Cycles of time are central to Jewish life, and they are amongst the most significant of our contributions to the world around us. The modern weekend of western tradition is simply the extension of the Sabbath from one day to two; without the Sabbath there would be no weekend. And without the Torah, and the Shabbat of Jewish tradition, there would be no Sabbath. In practice, today, Shabbat remains central to Jewish life, though Jewish people observe Shabbat differently from each other. But it’s literally impossible to imagine Jewish life without Shabbat.
And just as Shabbat punctuates the week, so too the chaggim – the holidays – punctuate the year. Tu b’Shvat and Purim and Pesach herald the spring. Shavuot marks early summer. Rosh Hashanah and Yom Kippur provoke self-reflection as a new Jewish year begins. Succot celebrates the harvest and the end of summer. Chanukah offers light in the darkness and the knowledge that a new natural cycle will shortly begin.
In recent years there’s been a flowering of interest and awareness in the rhythms of the calendar. The every-28-years blessing of the sun was a big deal when it happened in 2009; I hope I’ll be around to celebrate the next one in 2037. More people probably count the omer, today, than did so a dozen years ago. New books have come out looking at the entire period from Rosh Chodesh Elul, through to Simchat Torah, as a single period of time, focused on teshuvah. More people each cycle seem to be learning daf yomi – a seven-and-a-half cycle of Jewish life that is an early twentieth-century innovation, but one which shows signs of lasting for a long time to come.
The one long cycle of Jewish life that remains relatively unexplored is the cycle of Shmita. The sabbatical year is no less central in the Torah than is Shabbat itself. Six days you should work, and on the seventh you should rest; six years you should work the land, and engage in commerce; in the sixth year (somehow) the land should rest, you should rest, and debts should be annulled. After 49 days, seven cycles of seven, the 50th day is Shavuot. And after 49 years, seven cycles of seven, the 50th is Yovel – the Jubilee year.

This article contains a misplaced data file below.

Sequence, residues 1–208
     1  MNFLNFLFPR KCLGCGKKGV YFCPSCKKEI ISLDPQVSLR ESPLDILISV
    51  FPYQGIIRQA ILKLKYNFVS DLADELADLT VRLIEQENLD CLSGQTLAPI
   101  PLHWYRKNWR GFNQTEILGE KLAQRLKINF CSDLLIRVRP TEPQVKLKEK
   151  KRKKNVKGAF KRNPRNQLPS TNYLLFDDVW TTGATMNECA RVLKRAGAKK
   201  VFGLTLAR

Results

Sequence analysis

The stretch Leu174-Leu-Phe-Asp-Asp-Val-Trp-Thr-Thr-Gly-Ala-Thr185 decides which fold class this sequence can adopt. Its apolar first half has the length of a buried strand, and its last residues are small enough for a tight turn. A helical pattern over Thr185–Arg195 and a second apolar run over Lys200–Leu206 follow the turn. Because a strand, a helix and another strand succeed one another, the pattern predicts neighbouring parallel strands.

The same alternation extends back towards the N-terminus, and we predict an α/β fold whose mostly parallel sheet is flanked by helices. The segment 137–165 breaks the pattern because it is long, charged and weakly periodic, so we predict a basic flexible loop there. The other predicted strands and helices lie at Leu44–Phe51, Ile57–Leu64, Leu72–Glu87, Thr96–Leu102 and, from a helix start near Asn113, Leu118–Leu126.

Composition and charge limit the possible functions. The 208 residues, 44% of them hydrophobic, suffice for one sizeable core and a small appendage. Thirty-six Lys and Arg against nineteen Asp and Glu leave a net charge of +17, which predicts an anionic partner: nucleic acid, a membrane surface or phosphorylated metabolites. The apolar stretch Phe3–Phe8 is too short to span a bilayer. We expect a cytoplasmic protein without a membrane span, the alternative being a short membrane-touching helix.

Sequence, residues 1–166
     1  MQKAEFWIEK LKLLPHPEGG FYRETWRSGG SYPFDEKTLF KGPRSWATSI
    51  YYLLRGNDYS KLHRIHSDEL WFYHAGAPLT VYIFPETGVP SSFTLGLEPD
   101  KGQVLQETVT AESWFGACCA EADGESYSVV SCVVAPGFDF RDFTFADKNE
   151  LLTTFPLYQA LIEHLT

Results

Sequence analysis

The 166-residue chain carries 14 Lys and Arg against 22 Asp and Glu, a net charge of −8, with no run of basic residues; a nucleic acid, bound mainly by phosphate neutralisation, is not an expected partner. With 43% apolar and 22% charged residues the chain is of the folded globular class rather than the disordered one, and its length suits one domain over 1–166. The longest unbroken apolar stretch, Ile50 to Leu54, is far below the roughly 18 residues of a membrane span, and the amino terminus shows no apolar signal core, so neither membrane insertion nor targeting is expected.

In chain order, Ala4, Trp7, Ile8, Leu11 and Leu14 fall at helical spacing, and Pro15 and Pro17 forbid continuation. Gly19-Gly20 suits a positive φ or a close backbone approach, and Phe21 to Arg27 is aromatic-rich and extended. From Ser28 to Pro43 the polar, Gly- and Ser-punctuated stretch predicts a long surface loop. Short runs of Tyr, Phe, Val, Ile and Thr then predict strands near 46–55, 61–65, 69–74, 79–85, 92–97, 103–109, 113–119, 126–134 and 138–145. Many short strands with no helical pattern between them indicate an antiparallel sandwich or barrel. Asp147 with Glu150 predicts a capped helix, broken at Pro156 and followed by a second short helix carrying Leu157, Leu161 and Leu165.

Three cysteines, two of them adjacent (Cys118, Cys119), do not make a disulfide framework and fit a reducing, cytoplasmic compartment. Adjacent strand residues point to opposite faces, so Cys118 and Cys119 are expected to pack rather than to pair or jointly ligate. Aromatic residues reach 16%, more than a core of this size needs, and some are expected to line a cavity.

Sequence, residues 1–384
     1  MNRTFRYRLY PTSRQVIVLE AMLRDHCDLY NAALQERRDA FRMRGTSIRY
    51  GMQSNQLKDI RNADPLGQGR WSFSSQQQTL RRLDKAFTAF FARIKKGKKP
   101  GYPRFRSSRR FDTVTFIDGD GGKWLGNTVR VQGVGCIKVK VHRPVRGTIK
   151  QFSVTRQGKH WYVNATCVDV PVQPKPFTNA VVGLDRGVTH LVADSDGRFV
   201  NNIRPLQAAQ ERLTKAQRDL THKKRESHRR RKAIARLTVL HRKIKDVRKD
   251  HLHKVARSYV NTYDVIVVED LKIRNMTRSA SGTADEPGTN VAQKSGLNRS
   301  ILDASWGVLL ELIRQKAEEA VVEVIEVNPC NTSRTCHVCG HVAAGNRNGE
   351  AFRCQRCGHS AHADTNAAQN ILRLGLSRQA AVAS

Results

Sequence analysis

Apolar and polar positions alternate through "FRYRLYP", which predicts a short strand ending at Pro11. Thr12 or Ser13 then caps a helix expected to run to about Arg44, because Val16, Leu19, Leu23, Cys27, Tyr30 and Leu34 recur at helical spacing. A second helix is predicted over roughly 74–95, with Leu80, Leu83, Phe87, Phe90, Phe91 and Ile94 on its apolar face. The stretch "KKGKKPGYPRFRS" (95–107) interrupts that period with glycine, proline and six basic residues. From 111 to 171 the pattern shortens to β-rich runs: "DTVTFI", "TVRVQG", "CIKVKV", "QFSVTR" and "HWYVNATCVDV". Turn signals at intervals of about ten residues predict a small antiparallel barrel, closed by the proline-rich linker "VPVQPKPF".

In a formal halachic sense – in terms of Jewish law – Shmita only applies in Israel. In practical terms, therefore, Shmita becomes headline news once every seven years when, invariably, there are arguments about how it should be observed in practice in the modern land and state of Israel. There is a good deal of work in Hebrew about Shmita, what it means, how it can and should be observed, and so on.
Even so, inside Israel Shmita is mostly the intellectual property of the orthodox and ultra-orthodox. Until perhaps very recently, few non-orthodox Israeli Jews have much engaged with Shmita, either as an idea or as a potential range of practices. Outside Israel, Shmita remains obscure. In the last two Shmita cycles – in 2000-2001, and in 2007-2008 – I’m aware of a number of synagogues, mostly orthodox, which held study sessions on Shmita. Beyond a few one-off learning sessions: not much.
It was in response to this, in December 2007, following a keynote given by Nati Passow of Jewish Farm School at Hazon’s second Food Conference at Isabella Freedman, that I said that Hazon would launch a Shmita Project. Its goal would be – and remains – simply to put Shmita back on the agenda of the Jewish people; and in due course, through us, to start to seed it as an idea in wider public awareness, beyond the bounds of Jewish life.
There are, I think, two broad – and somewhat distinct, albeit overlapping – ways for us to engage with Shmita. One is, in a sense, instrumental; the second has a deeper kind of intellectual integrity, but may also be vaguer.